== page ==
Nov 16 2011

Botanical Wednesday: I think it’s looking at me

(Also on Sb)


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  1. 1

    Wow, what is that?

  2. 2

    Octofloria Eyeballius.

  3. 3
    WMDKitty -- Survivor

    YAAH! *jumps three feet back* What IS that? No, seriously, what the holy hell IS that?

  4. 4
    Glen Davidson

    Handy little multiple-marshmallow roasting stick.

    Glen Davidson

  5. 5

    For fuck sake, there is “Jesus loves you” ad below this picture half the size of the picture!

  6. 6

    Marshmallow tree?

  7. 7

    Hmm, it looked a little bit different in Schlock Mercenary but close enough.

  8. 8
  9. 9

    You’re lucky. It’s thinking at me.

  10. 10

    Wiki says it will give you a heart attack, if you eat it. Cardiogenic toxins, anyone?

  11. 11
    Kevin Anthoney

    I’m sure I saw that in one of Larry Moran’s Monday Molecule posts.

  12. 12
    John Morales

    Organic chemistry!

  13. 13

    One of my favorites! I didn’t know about it until I moved to the northeast. It’s an easy one to identify even without the fruits. Common name in these parts: doll-eyes.

  14. 14

    Doll-eyes or baneberry.

    It’s a native plant and yes, as the name “baneberry” suggests, it is toxic. It’s an understory plant of deciduous woodlands.

    Or I should amend that to “toxic to mammals”. Many fruits/seeds/berries/nuts that are toxic to many mammals are not toxic (or as toxic) to birds – which are the preferred consumers of the fruit and dispersers of the seeds.

  15. 15

    Oh yeah? I HOPE its looking at me!

  16. 16

    It is looking at you … and me and those guys over there.
    It is the poster plant for the totally paranoid !

  17. 17
    Monado, FCD

    It’s larger than life-size. I learn something new every day; I would have said false solomon’s seal or some such.

  18. 18

    Common name, “dolls’ eyes”. I’ve got a modest clump by my front walk where it gets little direct sun. Rather nice, sort-of-ferny foliage during the spring and summer before the berries put on their show.

    Easy from seed. Sow in fall when the berries are ripe and leave the pot outside for the winter.

    Due to its toxicity, not a plant for gardens infested by toddlers.

  19. 19

    One of the common names of Actaea pachypoda is “Doll’s Eyes.” The name is derived from the fact that the stigmatic region of the fruit is dark giving an overall appearance of a small eye. During the days of Settlement in North America the fruits were harvested and stitched onto children’s dolls, hence the name.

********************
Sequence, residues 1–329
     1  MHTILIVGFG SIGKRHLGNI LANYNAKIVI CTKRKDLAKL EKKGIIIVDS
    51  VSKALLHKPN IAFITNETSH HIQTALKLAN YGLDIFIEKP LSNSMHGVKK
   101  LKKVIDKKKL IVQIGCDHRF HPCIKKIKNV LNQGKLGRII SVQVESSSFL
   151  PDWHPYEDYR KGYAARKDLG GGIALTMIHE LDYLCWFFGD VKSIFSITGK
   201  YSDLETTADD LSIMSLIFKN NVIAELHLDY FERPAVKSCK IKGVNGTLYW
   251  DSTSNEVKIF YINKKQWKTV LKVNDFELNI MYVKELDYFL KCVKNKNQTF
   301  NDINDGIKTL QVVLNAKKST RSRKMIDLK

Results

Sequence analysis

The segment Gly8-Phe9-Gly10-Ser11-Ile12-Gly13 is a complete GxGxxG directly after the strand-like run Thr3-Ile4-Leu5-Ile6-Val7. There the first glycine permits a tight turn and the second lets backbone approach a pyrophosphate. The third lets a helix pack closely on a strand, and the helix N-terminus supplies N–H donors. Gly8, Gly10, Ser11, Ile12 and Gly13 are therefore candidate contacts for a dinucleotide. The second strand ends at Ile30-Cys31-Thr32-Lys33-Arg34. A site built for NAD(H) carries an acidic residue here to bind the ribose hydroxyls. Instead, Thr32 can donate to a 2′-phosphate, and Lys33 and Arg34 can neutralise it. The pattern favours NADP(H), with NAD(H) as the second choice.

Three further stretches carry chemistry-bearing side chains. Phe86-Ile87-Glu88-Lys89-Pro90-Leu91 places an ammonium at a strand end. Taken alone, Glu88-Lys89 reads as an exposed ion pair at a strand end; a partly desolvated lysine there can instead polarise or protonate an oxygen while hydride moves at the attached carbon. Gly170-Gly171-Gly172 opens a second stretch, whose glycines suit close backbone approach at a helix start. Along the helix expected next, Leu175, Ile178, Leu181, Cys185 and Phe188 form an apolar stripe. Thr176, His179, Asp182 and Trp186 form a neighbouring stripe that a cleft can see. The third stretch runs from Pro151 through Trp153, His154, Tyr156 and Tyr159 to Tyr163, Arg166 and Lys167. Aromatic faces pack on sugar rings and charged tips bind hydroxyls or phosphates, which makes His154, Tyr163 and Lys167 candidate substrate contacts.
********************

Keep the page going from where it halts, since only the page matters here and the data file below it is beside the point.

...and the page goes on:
The macabre connection of this plant is less well known. Young children, being young children, put nearly everything in their mouths. Members of this genus contain cardiac toxins that can cause rapid death, especially in humans of low body weight. Thus the gift of doll to a child was often a kiss of death!

  20. 20
    Big Boppa

    I have one of these in my front yard in Chicago. It’s been coming up every year for 20 years or more. Never seen one anywhere else in the city and I’m kind of a wild flower enthusiast so I notice things like that.

  21. 21

    Organic chemistry!

    John Morales FTW! That’s what it reminded me of too, one of those ubiquitous molecular diagrammes. I majored in EE, and was always a little bit in awe/angst regarding my pre-med brethern.

  22. 22

    Clearly, evolution couldn’t create non-working eyes, so this MUST be proof of intelligent design. Scientifc progress goes boink!

  23. 23
    Antiochus Epiphanes


  24. 24
    Ms. Daisy Cutter, General Manager for the Cleveland Steamers

    Hey, it’s a plant for The Residents!

  25. 25

    It seems like Wilt (from Foster’s home for imaginary friends) to me n_n

  26. 26

    Is Homeland Security genetically engineering plants?

    Now you can’t even enjoy nature without being spied on.

  27. 27

    Wow, it’s a SCORPION STARE bush-robot! We’ll be ready for CASE NIGHTMARE GREEN, you betcha!

    (Yeah, I’ve been listening to a lot of Charles Stross audiobooks lately. Does it show?)

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